Henry Fricke’s Research Helps Determine Dinosaur Body Temperatures
Researchers have developed a new way of determining the body temperatures of dinosaurs, providing new insights into whether dinosaurs were cold-or warm-blooded.
A paper co-written by Associate Geology Professor Henry Fricke discusses the techniques used to determine the body temperature of animals that have been extinct for 150 million years.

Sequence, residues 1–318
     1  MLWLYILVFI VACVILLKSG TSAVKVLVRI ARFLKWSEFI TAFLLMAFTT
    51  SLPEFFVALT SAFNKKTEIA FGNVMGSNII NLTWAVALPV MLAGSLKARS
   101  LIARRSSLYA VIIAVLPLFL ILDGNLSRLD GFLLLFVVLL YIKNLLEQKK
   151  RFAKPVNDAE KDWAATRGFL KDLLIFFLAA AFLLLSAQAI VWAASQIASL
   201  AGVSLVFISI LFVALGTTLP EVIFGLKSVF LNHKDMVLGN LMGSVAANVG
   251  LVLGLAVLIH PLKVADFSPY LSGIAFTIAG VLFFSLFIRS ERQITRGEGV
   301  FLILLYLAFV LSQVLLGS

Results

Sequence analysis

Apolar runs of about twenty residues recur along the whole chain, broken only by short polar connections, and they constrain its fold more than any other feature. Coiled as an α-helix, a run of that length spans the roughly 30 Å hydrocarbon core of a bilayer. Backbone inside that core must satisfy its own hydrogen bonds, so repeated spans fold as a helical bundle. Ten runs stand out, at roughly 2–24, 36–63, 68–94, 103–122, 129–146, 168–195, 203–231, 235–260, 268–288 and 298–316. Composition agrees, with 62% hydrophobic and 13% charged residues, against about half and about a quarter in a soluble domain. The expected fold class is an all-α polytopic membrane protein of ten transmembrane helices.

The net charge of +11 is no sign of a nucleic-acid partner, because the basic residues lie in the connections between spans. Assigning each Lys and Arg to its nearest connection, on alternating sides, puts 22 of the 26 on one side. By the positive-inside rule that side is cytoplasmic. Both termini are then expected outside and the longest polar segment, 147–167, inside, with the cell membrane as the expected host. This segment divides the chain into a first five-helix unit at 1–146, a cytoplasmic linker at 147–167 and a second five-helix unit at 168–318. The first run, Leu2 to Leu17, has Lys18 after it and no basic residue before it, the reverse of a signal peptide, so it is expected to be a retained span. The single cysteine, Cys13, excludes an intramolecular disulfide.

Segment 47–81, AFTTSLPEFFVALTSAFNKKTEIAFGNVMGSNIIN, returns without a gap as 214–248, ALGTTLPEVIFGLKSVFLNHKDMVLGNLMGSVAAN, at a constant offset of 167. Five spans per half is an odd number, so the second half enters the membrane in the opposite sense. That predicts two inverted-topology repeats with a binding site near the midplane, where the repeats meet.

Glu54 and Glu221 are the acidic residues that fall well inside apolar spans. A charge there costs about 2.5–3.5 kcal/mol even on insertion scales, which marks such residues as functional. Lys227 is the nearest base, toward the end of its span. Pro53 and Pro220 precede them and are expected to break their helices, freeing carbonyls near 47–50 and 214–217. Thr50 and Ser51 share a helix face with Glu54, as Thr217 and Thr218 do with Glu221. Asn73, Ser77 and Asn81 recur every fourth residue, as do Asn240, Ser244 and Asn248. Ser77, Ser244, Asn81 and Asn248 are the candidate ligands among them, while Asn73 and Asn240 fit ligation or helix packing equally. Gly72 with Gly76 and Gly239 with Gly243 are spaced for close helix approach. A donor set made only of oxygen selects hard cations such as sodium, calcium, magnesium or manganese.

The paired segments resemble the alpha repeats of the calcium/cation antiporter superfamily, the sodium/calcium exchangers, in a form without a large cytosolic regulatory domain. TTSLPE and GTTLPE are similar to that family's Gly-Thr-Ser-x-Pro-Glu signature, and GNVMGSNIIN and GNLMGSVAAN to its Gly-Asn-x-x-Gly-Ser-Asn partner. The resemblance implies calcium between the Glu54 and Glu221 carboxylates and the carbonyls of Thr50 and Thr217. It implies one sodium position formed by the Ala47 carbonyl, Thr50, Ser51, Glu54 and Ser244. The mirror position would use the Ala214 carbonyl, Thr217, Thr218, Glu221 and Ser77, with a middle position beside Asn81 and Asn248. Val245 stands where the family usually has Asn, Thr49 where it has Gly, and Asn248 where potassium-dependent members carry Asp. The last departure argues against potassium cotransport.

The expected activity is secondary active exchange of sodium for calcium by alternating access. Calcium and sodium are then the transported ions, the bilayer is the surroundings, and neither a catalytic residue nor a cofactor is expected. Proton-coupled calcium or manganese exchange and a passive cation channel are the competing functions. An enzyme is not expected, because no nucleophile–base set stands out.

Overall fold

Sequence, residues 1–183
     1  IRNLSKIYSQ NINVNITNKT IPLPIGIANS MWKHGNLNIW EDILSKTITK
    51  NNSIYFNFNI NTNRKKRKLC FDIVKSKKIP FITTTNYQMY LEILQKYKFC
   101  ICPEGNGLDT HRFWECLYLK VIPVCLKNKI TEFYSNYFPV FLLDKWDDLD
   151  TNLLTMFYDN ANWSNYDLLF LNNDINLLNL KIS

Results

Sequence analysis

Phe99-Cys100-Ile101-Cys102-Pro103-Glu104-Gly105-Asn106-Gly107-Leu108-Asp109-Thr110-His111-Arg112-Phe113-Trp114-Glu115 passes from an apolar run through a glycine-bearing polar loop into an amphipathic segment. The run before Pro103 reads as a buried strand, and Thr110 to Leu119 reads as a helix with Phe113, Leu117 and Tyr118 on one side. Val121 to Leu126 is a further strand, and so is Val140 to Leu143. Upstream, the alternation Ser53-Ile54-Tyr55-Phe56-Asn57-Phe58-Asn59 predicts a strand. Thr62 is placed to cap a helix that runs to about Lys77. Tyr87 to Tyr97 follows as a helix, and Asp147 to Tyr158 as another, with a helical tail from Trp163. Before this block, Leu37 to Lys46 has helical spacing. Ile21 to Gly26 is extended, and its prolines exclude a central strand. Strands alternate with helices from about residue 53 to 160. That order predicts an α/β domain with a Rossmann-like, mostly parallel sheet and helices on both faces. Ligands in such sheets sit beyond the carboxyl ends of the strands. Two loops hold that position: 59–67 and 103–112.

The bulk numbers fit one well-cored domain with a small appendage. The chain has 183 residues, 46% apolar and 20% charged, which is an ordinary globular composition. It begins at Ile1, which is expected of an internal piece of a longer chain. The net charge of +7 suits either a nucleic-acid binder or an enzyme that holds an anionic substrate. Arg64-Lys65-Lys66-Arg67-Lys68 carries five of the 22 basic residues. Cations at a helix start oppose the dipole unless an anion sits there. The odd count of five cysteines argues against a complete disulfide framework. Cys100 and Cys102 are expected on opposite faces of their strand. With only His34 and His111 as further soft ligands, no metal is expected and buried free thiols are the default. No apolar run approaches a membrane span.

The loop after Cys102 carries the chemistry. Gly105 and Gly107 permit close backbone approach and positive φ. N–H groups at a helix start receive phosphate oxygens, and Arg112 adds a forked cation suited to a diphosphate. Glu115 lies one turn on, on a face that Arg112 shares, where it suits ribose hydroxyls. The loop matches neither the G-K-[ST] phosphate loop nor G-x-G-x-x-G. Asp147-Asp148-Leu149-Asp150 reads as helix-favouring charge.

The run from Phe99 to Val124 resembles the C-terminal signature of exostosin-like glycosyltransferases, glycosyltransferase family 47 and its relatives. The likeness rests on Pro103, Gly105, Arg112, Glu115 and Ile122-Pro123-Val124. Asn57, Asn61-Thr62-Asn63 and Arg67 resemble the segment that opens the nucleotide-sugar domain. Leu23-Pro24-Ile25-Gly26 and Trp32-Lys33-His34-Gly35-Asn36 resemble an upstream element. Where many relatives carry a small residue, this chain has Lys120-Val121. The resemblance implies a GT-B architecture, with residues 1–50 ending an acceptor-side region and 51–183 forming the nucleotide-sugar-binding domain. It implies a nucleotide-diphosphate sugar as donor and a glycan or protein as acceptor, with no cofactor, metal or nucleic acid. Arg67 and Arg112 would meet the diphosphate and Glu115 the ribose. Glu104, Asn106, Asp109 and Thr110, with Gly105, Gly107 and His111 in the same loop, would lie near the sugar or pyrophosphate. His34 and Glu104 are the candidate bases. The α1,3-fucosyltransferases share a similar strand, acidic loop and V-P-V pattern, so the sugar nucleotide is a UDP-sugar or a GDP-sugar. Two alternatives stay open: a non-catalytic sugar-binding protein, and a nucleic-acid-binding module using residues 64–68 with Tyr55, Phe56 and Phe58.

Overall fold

By analyzing the teeth of sauropods — long-tailed, long-necked dinosaurs that were the biggest land animals ever to have lived — the scientists found that these dinosaurs were nearly as warm as most modern mammals. The paper can be viewed at: http://www.sciencemag.org/content/early/2011/06/22/science.1206196
The research was funded by the National Science Foundation’s division of earth sciencesTagged as: geology, Henry Fricke, NSF